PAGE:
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Cath Everett

Sift Media

Freelance journalist and former editor of HRZone

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EU Parliament votes in favour of binding female boardroom quotas


The EU Parliament voted in favour of introducing binding quotas for women at the top table at the same time as a report revealed that UK progress on appointing females to executive board-level positions had been slow.

The vote by the EU Parliament followed a consultation that was launched last week by EU Justice Commissioner, Viviane Reding into whether action, including legislation, should be taken at the pan-European level to redress the gender imbalance within many company boardrooms.
MEPs responded in the affirmative today, however, by agreeing to boost female board representation at publicly-listed companies to 30% by 2015 and 40% by 2020.
However, Fiona Bolton, a partner at law firm Eversheds, said that, despite clear support from MEPs, any attempt to introduce EU-wide laws was likely to face “stiff opposition” from a number of countries.
In addition, because law-making process tended to be slow, any EU-scale change was still “some distance away”.
But that did not mean there could be “no room for complacency”, she warned, not least because the idea of setting quotas had gained traction in various countries in recent years, including Norway, France, Spain and the Netherlands.
Moving in the right direction
Moreover, although today’s report from the Cranfield School of Management showed that FTSE companies were moving in the right direction, Lord Davies’ target of 25% of boardrooms comprising women by 2015 were “less ambitious than those envisaged by Brussels, where patience appears to be wearing thin”, Bolton said.
Therefore, she pointed out: “If UK business leaders want to avoid new legislation being imposed on them, the key will be to keep up the momentum and demonstrate real and lasting progress through voluntary means as well as identifying what measures, short of quotas, have worked.”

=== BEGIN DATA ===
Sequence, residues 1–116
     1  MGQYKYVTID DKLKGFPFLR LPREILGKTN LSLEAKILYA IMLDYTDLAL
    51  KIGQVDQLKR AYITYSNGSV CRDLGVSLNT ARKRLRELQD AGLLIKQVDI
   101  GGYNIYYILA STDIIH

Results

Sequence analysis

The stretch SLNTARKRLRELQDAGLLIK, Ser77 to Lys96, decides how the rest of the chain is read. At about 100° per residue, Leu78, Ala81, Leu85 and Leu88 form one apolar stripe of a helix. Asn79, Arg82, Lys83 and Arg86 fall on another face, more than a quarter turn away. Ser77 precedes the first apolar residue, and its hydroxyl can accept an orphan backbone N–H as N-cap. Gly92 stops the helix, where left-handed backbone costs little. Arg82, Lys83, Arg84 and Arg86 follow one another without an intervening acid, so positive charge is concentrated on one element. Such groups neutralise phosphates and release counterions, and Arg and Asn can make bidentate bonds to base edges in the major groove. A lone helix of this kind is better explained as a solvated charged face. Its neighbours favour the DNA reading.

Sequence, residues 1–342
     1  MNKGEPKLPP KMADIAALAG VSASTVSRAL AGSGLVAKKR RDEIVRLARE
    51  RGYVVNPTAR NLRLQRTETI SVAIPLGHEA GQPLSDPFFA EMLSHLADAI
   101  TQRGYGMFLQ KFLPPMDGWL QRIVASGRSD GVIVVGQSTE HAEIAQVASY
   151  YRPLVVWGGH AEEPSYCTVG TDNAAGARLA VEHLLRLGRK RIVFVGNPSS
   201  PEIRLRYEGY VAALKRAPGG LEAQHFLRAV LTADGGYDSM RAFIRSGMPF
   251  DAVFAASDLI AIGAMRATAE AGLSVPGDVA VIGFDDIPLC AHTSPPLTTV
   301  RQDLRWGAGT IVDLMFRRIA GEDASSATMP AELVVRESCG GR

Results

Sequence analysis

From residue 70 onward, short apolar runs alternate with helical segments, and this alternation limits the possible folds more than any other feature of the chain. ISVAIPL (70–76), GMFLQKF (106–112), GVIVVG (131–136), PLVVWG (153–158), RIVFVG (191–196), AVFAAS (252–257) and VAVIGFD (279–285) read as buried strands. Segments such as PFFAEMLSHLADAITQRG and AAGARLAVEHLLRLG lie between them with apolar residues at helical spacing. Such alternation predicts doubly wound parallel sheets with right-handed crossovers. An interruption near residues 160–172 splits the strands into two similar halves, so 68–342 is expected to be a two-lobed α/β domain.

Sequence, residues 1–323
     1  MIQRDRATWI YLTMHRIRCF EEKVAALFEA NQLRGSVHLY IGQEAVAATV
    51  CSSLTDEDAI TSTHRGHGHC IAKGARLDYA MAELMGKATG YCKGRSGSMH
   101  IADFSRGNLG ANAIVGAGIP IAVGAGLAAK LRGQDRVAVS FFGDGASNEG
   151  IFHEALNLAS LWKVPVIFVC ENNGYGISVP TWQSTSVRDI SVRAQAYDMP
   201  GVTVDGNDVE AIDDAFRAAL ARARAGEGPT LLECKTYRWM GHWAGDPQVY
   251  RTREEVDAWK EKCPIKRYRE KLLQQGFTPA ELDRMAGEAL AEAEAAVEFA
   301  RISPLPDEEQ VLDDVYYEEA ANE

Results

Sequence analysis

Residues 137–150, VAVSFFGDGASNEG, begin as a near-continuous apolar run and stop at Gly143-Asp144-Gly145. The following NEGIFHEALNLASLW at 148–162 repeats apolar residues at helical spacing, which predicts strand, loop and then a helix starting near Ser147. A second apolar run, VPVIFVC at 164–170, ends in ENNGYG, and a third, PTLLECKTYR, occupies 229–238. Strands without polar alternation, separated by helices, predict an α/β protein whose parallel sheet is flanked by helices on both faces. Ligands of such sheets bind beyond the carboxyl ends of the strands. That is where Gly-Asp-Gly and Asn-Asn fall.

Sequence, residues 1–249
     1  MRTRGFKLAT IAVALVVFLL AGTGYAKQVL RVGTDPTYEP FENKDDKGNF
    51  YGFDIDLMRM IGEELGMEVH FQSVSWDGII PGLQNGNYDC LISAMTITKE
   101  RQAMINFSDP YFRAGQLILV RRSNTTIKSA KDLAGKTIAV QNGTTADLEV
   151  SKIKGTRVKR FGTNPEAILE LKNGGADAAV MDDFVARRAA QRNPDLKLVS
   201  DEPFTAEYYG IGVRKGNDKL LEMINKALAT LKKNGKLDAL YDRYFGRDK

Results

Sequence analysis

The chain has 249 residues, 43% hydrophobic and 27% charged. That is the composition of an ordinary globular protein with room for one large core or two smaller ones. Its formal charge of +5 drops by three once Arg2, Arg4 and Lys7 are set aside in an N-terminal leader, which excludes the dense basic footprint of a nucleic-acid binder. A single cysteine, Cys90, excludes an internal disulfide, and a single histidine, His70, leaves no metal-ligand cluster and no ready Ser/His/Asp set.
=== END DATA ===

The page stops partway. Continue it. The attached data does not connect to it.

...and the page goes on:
Both the Cranfield report entitled ‘The Female FTSE Board Report 2012 – Milestone or Millstone?’ together with statistics also released today by Lord Davies on progress so far revealed that female directorships had risen to 15.6% of the total, up from 12% last year.
In the year to January, 47 new female appointments were made (25%) out of a total of 190. This means that there are now 141 women filling 163 positions out of a total of 1,086 on FTSE 100 boards as some are doubling up and performing two roles.
The number of firms with no women on the board dropped to 11 and the number with one rose to 50, however.
But Helen Wells, director of Opportunity Now, business-led charity Business in the Community’s gender campaign, attested that, although the current “business-led approach” was having an impact, it did not go far enough.
“Whilst I welcome the significant increase in the number of non-executive roles held by women, real equality would mean women being promoted up through the ranks to executive jobs as well,” she added. “We still have a big mountain to climb – women make up 49% of the labour market, but men hold 84.9% of executive board positions.”

One Response

  1. Quotas

    I can understand why women want equality in selection for promotion and that some boards would benefit from  womens’ common sense . However, I believe that setting quotas for  seats on the board is a bad idea. It could also lead to quotas being set for other classes, including, ‘ though not limited to’ the handicapped, or  different ethnic groups,.And what about those who are underheight, or left- handed? You think I am joking ? Just look at the height of directors – how many are short ?

    Surely the answer is for managers  to be more objective in selection for development, promotion, challenging assignments, important business opportunities and responsibilities. It is this that will create the pool of people who are of high potential and who, if they so decide, will take up positions where they have to sacrifice promotion for the sake of their other interests which often include the family.

    Of course women can be outstanding managers and be of board calibre. I have three in my close family and know plenty of others who could if they had wished have set their sights on a directorship.

    Objectivity in development and selection, yes,  but quotas ? No.



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Cath Everett

Freelance journalist and former editor of HRZone

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